Traceability – The front end of the food retail industry

Ensuring food safety

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Food products  displayed on the shelves of retail stores  traverse a long way to get there. Right from gathering the original ingredients to manufacturing the final product,  the process culminates into a long supply chain. The task of keeping food safe can get tricky, with each additional point touched or international border crossed. Any discrepancy in such a situation can blow up into a potential hazard that can affect the health of millions of consumers who buy these food products. Instances of recall of food items from the shelves of stores due to contamination have occurred in the past, resulting in not just financial losses, but also damage to the reputation of food manufacturing companies.

Traceability ensures food safety

Today, along with the need for food retailers to practice high standards of food safety and quality, consumers too have become aware of food safety issues. Fortunately, there is a range of digital solutions that have come to the aid of food retail industries – enabling manufacturers, producers, processors, and retailers to spot any contamination or spoilage along the way. and to recall those products that are unsafe, thus preventing it from entering the supply chain, or removing it in case it has already entered. The key digital solution that enables this is called traceability.

Traceability is a solution that offers complete visibility of every stage in the food supply chain. The advantage of this technology is that it can help identify any contaminant that has entered the chain, and enable one to spot the point of contamination — thereby removing only those packages that are affected rather than recalling the entire batch which would have led to a greater financial loss. The other advantage of traceability is that it offers regulatory bodies with hard evidence to make regulatory decisions.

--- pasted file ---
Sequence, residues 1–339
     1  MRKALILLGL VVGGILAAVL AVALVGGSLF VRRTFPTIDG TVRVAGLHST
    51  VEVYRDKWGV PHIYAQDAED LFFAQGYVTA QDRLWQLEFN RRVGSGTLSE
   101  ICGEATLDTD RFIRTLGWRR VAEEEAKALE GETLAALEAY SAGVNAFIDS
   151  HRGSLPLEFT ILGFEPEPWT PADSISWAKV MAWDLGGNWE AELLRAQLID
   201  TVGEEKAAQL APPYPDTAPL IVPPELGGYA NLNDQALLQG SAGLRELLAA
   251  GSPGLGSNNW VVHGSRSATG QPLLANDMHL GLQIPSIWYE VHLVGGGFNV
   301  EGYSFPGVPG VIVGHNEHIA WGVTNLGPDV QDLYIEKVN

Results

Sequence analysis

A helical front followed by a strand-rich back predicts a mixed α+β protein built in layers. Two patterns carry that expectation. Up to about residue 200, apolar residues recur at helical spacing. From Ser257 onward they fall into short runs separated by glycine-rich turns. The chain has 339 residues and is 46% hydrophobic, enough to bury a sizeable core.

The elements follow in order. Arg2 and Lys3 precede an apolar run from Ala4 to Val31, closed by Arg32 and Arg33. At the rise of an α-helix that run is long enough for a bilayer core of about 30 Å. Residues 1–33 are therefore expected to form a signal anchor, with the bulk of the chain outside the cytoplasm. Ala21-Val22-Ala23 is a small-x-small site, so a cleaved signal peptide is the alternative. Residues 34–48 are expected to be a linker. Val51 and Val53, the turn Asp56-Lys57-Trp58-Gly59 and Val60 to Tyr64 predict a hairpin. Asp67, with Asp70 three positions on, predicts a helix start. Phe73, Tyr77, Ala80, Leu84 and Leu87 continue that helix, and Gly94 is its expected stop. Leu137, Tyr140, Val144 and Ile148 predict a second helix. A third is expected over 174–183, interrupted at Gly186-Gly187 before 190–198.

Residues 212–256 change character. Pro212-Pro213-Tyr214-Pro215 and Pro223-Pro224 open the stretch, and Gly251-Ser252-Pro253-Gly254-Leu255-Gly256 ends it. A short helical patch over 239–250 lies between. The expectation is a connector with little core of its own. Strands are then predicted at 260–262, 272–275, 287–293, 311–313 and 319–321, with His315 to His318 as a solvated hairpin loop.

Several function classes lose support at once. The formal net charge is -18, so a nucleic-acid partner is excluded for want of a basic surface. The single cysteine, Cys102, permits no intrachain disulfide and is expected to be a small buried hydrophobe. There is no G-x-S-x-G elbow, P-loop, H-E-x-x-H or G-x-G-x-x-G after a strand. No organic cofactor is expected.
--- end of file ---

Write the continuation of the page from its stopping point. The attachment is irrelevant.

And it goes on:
Traceability solutions can operate optimally on a Software-as-a-Service or SaaS model. SaaS technology became viable with the advent of high-speed internet. Software vendors now host the applications in their own data centers and offer it as a service to their customers based on usage or subscription. This eliminates the need for software to be installed within the walls of the organization. SaaS technology is thus affordable to most food retail companies.

In addition, the other key issues plaguing food companies include poor quality, adulteration, contamination, or spoilage of food items or ingredients. To ensure safe and high-quality food, a whole value chain approach needs to be adopted, for which relevant data needs to be captured at key points in the supply chain. This data capturing may occur at remote and scattered locations and be stored in a central repository, with near real-time visibility.

Blockchain improves food traceability

The latest, cutting edge technology to enter traceability is blockchain. According to the definition by the World Economic Forum

“Blockchain is a shared, programmable and cryptographically secure and therefore trusted ledger which no single user controls, which can be inspected by anyone”

In the past , many big food players, including Nestlé, Starbucks, and others, have reported blockchain initiatives for their food supply chain. The advantage of using blockchain is that it can reduce the process of finding the responsible supplier within  seconds.

Moreover, by using this technology, stakeholders can track the corrupt source and then surgically remove it from the supply chain. The key idea of having a blockchain encourages all the stakeholders, including suppliers and retailers, to get their data straight. In addition, it allows stakeholders to share information privately and securely in the interest of food safety. Blockchain seems to be the go-to solution as it can offer consumers with concrete, immutable data about their food. In the coming years, traceability using blockchain is expected to become the front end of the food retail industry!

Venkat Maroju, chief executive officer at SourceTrace

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